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RESEARCH PAPERS

Creep Analysis of Orthotropic Rotating Cylinder

[+] Author and Article Information
N. S. Bhatnagar

Department of Mathematics, Al Mustansiriyah University, Baghdad, Iraq

V. K. Arya

Karlsruhe Nuclear Research Center, Institute for Material and Solid-State Research, Karlsruhe, West Germany

K. K. Debnath

Department of Mathematics, University of Roorkee, Roorkee, India

J. Pressure Vessel Technol 102(4), 371-377 (Nov 01, 1980) (7 pages) doi:10.1115/1.3263347 History: Received May 31, 1980; Online November 05, 2009

Abstract

The stress and strain-rate distributions in the wall of a hollow thick-walled circular cylinder, rotating about its own axis with a constant angular speed, have been obtained using Norton’s law for the steady-state creep. The cylinder is assumed to be made of a homogeneous and orthotropic material. The numerical computations, for a number of steels and steel alloys commonly used to manufacture the cylinder, have been carried out for three cases of anisotropy. The effect of anistropy and of exponent n in creep law has been studied. It is observed that the stress and strain-rate distributions are significantly affected by the anisotropy of material and the value of exponent n . It is also noticed that the values of the effective stress for an anisotropic material for which the ratios of axial to tangential strain rate and of radial to tangential strain rate are equal to 1.2, are lower than the corresponding values for an isotropic material for which these ratios are 1.0. And, because of a power law between effective strain rate and effective stress, much lower values of the effective strain rate for the foregoing anisotropic material than those for the isotropic material will be obtained. Thus the use of the aforementioned anisotropic material may be beneficial for the manufacture of the cylinders because (i) it will result in a longer life for the cylinders (because of the lowest strain rate), or (ii) it will allow the cylinder to sustain larger forces without a risk of failure under creep.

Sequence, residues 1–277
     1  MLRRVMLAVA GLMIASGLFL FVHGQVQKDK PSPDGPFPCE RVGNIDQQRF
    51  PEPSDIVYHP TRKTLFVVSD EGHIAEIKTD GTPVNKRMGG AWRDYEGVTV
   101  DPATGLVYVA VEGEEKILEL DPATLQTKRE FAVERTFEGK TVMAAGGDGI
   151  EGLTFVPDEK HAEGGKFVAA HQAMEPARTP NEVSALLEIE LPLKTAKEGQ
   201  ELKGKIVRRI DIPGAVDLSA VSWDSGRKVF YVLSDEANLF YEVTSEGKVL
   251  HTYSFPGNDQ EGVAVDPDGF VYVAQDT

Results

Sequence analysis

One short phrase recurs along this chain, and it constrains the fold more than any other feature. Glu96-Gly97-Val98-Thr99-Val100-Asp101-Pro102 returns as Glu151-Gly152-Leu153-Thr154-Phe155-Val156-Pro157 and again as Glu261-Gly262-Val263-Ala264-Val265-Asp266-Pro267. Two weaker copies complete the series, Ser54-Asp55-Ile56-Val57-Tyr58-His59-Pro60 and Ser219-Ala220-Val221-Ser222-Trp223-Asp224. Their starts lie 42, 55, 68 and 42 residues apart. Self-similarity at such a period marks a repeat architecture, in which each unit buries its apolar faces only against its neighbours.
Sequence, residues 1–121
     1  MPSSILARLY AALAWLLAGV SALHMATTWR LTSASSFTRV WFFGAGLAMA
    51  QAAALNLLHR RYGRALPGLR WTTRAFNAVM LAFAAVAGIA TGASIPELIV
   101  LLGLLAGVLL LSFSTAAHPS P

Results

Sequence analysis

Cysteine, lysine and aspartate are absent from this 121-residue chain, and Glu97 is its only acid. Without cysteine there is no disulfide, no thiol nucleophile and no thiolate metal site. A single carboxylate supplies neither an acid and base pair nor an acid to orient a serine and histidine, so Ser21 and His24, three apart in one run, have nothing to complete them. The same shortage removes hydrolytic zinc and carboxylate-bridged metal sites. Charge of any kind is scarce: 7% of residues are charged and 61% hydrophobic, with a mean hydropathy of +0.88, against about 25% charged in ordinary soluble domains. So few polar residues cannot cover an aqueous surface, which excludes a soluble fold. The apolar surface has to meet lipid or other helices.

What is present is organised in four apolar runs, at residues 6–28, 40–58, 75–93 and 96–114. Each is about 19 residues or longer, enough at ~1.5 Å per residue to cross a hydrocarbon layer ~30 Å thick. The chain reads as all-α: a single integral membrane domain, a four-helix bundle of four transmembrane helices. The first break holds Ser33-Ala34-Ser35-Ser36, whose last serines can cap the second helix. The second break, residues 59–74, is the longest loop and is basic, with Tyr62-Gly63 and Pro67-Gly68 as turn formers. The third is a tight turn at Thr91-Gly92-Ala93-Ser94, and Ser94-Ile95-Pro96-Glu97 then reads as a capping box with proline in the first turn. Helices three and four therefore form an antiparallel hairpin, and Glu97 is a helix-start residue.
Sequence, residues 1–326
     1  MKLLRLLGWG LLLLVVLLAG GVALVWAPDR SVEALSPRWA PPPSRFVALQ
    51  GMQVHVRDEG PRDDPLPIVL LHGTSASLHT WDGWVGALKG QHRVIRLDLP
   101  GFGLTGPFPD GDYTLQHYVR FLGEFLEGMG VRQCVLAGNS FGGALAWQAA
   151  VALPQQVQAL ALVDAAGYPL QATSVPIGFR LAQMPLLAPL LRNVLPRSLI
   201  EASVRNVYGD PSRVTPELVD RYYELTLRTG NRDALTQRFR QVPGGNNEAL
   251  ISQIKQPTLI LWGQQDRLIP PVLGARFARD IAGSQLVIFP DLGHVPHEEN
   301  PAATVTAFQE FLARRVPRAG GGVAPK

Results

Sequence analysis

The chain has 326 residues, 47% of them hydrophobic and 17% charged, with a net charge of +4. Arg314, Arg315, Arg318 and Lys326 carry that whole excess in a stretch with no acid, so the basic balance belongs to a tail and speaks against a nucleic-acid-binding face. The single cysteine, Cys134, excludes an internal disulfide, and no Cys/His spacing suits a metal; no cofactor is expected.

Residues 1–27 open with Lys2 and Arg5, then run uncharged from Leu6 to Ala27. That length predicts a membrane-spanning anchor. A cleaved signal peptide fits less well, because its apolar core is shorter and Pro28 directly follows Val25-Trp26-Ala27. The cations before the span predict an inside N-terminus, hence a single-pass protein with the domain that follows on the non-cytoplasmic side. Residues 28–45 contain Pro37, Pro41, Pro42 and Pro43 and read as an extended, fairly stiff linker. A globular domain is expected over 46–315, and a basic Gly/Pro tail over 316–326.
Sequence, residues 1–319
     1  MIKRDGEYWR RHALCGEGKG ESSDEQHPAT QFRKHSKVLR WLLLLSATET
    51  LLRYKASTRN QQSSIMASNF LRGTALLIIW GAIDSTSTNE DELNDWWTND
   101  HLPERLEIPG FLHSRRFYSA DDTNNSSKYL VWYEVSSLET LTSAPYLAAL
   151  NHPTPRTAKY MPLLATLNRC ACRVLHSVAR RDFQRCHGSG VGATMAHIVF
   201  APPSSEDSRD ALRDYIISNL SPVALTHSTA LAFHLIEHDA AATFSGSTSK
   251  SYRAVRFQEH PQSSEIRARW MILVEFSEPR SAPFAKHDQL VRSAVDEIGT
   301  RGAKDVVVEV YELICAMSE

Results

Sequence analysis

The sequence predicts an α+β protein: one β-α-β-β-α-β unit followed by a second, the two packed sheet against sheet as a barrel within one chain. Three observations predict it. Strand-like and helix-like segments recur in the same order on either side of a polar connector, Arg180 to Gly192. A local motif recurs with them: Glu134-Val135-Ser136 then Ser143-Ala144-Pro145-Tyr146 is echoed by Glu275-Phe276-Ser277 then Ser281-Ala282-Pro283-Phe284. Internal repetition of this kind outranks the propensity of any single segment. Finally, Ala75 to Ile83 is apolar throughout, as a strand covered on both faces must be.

Copyright © 1980 by ASME
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